Banging noise when driving over the bumps inspection
How this system works:
Your vehicle’s suspension system is made up of many components designed to adjust when driving over rough terrain, to ensure a comfortable ride. When these components begin to fail, they may produce clunking or banging noises to let you know something has gone wrong. However, typically when suspension components like tie rod end and ball joints fail, they will make a banging noise all the time, and not just over bumps. The fact that the noise only seems to occur while driving over a bump may be a sign of a different issue.
Common reasons for this to happen:
- Bad Sway Bar Link: A vehicle’s sway bar or anti-roll bar, helps reduce body roll while cornering. Sway bars can help keep a vehicle from rolling over when going around a sharp corner. If the sway bar breaks or is damaged it may produce a clunking or knocking sound, especially when going over bumps. Your vehicle may also have more difficulty handling when the sway bar is damaged.
- Worn Control Arm Bushings: The control arms on your vehicle’s suspension allow for movement up and down when driving on uneven terrain. Part of the control arm assembly is a bushing, typically made of rubber or polyurethane. The bushings are designed to dampen any noise that might be created when your vehicle goes over a bump. If the bushing wears down, the noise is not dampened and you may hear a resulting bang when driving over bumps.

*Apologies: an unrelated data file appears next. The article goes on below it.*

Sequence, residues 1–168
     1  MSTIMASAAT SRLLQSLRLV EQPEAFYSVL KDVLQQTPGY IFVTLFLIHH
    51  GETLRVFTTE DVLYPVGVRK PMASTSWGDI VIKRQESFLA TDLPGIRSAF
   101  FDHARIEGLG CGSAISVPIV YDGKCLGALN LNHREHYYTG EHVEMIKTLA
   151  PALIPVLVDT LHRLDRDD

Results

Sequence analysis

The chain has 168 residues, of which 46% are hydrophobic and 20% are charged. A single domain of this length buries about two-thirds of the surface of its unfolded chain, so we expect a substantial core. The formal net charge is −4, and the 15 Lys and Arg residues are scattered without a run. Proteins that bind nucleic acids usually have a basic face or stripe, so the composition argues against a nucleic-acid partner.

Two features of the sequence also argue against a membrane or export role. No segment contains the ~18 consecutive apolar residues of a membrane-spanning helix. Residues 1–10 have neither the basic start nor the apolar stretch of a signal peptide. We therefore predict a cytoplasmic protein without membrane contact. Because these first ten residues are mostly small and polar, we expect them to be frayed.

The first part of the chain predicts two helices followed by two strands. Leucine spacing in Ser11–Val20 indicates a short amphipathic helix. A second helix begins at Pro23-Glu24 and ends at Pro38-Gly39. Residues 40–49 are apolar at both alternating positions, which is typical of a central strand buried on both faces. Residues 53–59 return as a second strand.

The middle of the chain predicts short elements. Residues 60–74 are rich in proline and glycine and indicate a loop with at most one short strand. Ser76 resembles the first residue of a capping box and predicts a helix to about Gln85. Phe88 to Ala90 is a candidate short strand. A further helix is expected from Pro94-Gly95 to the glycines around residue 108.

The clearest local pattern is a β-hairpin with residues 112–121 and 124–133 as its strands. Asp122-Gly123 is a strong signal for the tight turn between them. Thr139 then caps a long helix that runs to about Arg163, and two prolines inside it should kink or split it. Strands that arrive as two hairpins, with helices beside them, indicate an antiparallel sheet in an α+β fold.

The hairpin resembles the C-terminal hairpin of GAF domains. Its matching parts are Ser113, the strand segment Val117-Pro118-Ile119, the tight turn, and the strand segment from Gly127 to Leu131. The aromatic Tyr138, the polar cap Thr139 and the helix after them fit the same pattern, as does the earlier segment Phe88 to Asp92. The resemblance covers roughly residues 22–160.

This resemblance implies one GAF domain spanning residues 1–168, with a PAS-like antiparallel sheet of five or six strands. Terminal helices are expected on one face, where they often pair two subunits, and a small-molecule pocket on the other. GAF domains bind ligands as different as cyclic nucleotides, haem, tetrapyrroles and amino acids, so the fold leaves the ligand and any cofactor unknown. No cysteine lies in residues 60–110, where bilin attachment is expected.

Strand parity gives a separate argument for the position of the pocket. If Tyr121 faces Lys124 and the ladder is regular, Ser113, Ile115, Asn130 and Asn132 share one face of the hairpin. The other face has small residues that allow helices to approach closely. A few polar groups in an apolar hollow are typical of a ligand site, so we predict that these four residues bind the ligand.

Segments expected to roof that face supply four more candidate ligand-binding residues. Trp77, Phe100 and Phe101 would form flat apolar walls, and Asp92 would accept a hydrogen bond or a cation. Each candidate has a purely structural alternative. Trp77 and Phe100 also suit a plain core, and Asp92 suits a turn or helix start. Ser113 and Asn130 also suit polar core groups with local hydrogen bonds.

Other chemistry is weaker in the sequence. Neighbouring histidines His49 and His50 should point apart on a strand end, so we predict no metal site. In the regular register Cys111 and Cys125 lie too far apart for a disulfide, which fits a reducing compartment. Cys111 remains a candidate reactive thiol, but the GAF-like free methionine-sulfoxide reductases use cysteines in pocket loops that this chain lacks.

- Loose Brake Caliper: Your vehicle’s brake callipers are pistons that engage the brakes when the brake pedal is applied. Callipers are typically secured with bolts and do not move. If a calliper bolt has become lose it may cause the calliper to make a banging noise when driving over bumps.
What to expect:
A top-rated mobile mechanic will come to your home or office to determine the reason for the banging noise when going over bumps. The mechanic will then provide a detailed inspection report outlining the reason for the noise and the cost of any repairs that need to be made.
How it’s done:
The mechanic will begin by raising the vehicle and removing tires to get a better view of the vehicle’s suspension. From here, he or she will be better able to access and replace components that may have failed.
If your vehicle is equipped with a sway bar link, the mechanic will inspect it for any signs of superficial damage. The mechanic should then look at the sway bar bushings to see if they are worn and need to be replaced. The mechanic will then remove the old bushings and sway bar if necessary, and replace them.
If the mechanic suspects the control arm bushings, he or she will check for signs that the bushing has worn down. The mechanic should also inspect the whole control arm assembly and replace it if necessary. The mechanic will then install the new bushings.
While having a loose calliper bolt is rare, it is important to have the callipers inspected because of the potential loss in braking the bad callipers could create. The mechanic should check to make sure that the bolts are securely tightened and the callipers are lined up with the rotor. If the callipers were loose it may have warped over time and become ineffective. The mechanic will replace the calliper if it is needed.
How important is this service?
A vehicle that makes a banging noise while going over a bump may reveal an issue with the suspension system. Not only does the suspension system provide a comfortable ride but it plays a critical role in the safety of the vehicle, especially when cornering and braking. If you notice a noise while going over bumps, you should have it inspected to make sure that the suspension is working properly.